If you have access to a few acres of rural pastureland, you may have the ideal situation to raise beef cattle. Small beef cattle farms are a way for landowners to supplement their income. For people that work way from home, a beef enterprise is a low labor way to utilize their land. Raising your own beef ensures quality meat without the addition of toxic chemicals or hormones that may be present in commercially produced beef. Cattle farming is attractive to individuals who have the needed resources, land and time to invest to make farming pay. The average salary of a small cattle farmer depends largely on beef prices and the size of the herd.
Income of cattle farmers and ranchers fluctuates from year-to-year, and is dependent on the market price of feeder cattle or dairy products and market demand. Cattle and dairy farmers may receive government subsidies that reduce a portion of the risk of raising cattle. Many small cattle farmers supplement their income with off farm sources. The United States Department of Labor, U.S. Bureau of Labor Statistics, Occupational Outlook Handbook, 2010-11 Edition, reports that in 2008 full-time salaried agricultural managers had a median weekly income of $775. The highest 10 percent earned more than $1,735 per week, but the bottom 10 percent earned $358 per week.
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Dairy and livestock farmers feed, water and care for animals. They maintain equipment, repair barns, pens and farm outbuilding. They choose animals to breed and sell. A cattle farmer's work is never done as cattle must be fed and watered daily, pens cleaned and the animal's health monitored. Dairy cows must be milked daily. Cattle farmers manage the health of their herd and may assist in the birthing process. A cattle farmer's net profit or annual income is reduced by the amount they expend for veterinary services. Many farmers learn how to take care of many of the medical needs of their herd to avoid these charges.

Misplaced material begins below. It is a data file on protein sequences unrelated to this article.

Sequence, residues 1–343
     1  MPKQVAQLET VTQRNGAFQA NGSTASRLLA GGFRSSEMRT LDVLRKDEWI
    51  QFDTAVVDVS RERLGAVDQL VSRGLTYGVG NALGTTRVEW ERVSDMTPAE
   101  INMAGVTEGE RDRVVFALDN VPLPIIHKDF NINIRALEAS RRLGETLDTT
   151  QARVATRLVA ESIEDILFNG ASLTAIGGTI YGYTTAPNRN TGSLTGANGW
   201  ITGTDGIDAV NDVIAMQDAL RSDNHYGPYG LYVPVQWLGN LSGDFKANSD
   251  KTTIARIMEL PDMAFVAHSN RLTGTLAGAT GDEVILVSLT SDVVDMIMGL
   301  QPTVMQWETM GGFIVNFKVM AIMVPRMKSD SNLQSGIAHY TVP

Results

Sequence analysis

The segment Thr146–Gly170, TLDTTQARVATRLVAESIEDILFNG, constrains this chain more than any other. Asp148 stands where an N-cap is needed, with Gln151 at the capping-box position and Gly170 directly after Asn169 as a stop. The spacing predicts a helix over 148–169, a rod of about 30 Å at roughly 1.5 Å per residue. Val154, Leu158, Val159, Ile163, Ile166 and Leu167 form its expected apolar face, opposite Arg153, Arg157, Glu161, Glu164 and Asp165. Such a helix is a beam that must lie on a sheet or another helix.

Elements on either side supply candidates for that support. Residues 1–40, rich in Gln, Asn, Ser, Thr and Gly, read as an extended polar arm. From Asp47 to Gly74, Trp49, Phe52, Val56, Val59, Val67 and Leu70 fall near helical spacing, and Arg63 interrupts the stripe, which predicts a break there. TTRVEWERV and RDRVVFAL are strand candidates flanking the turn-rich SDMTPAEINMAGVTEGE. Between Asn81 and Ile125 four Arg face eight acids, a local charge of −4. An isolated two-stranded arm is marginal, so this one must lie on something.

Cattle farming is hard work and requires a level of physical fitness. Previous experience working on a family farm fosters the work ethic and habits required in a small cattle operation. A large cattle farm requires an intense amount of labor. In some cases, family members may be needed to help with cattle management chores. Farmers, who must hire outside help, will find their income reduced by labor costs.
Small cattle farmers may learn what they need to know on the job, although some farmers gain knowledge by attending a technical school or community college that offers a degree program in agriculture, farm management or animal science. Farmers, trained and educated in farm management, are likely to net a higher income than those without a farming background or education.